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Lamps in a row (Posted on 2010-09-03) Difficulty: 4 of 5
There are n ≥ 2 lamps L1, L2, ..., Ln in a row. Each of them is
either on or off. Initially L1 is on and all of the others are off.
Each second the state of each lamp changes as follows:

if the lamp and its neighbors (L1 and Ln have one neighbor,
any other lamp has two neighbors) are in the same state,
then it is switched off; otherwise, it is switched on.

Prove or disprove that all of the lamps will eventually be switched off
if and only if n is a power of two.

Note: This is a problem that I modified from one proposed but not used at
the 47th IMO in Slovenia 2006.

No Solution Yet Submitted by Bractals    
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Comments: ( Back to comment list | You must be logged in to post comments.)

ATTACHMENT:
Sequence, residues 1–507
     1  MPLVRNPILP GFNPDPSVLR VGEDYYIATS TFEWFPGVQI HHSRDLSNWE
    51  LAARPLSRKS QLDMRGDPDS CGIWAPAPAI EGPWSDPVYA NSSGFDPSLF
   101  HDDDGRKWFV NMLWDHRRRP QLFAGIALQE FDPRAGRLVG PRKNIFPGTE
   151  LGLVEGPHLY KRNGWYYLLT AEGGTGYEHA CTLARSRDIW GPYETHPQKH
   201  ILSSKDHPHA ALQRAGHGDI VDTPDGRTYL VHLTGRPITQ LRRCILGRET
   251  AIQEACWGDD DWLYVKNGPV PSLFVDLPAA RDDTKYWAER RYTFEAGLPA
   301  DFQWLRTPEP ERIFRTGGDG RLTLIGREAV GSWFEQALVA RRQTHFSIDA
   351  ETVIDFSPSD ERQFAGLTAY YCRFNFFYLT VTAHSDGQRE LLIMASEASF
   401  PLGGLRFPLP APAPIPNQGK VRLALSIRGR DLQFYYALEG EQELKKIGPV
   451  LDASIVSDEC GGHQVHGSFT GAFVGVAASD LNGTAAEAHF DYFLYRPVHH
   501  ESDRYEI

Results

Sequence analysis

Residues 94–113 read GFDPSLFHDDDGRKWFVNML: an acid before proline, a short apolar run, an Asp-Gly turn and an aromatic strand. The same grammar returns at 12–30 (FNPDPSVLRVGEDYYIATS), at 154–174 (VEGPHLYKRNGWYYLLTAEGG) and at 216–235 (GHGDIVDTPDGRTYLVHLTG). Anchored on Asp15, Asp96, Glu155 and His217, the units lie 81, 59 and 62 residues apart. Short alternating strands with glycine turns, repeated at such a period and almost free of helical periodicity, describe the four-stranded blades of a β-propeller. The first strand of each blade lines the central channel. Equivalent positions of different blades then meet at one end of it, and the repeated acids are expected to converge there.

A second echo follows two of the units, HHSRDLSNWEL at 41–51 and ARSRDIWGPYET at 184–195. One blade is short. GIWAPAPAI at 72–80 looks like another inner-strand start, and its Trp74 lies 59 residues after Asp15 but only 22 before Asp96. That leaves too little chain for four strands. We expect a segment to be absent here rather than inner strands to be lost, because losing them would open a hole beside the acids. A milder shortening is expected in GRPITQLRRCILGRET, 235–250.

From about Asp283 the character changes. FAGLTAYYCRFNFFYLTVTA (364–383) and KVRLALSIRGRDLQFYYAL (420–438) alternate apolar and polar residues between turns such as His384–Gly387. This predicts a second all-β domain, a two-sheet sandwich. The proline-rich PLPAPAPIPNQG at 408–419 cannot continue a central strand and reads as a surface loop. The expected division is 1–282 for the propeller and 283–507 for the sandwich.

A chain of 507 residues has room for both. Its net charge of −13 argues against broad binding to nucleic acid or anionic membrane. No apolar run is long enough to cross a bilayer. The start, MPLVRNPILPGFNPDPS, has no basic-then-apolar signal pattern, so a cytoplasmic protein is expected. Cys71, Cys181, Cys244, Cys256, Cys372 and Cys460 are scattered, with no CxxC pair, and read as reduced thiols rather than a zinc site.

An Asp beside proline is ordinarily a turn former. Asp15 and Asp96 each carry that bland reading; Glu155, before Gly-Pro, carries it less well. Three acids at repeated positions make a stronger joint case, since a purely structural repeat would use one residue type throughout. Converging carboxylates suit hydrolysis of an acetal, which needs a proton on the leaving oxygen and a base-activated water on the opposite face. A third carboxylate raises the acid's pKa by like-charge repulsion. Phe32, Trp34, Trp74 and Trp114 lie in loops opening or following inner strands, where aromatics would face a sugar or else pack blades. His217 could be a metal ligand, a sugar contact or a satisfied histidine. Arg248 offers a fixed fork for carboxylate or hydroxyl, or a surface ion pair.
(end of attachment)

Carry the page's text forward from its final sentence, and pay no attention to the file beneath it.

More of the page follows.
re: Almost proved: two gaps | Comment 6 of 11 |
(In reply to Almost proved: two gaps by Jer)

I ran it on a computer with n=149 and 1000 state changes.

The pattern in the 149 lamps did not repeat in either the forward order or the reverse order.

The pattern when you look at a two dimensional view is beautiful, except when the pattern from one end of the row runs into the pattern from the other end.

If one can prove that this chaotic pattern cannot produce a row with all the lamps on, I would really like to see it.


  Posted by Bractals on 2010-09-03 20:10:34
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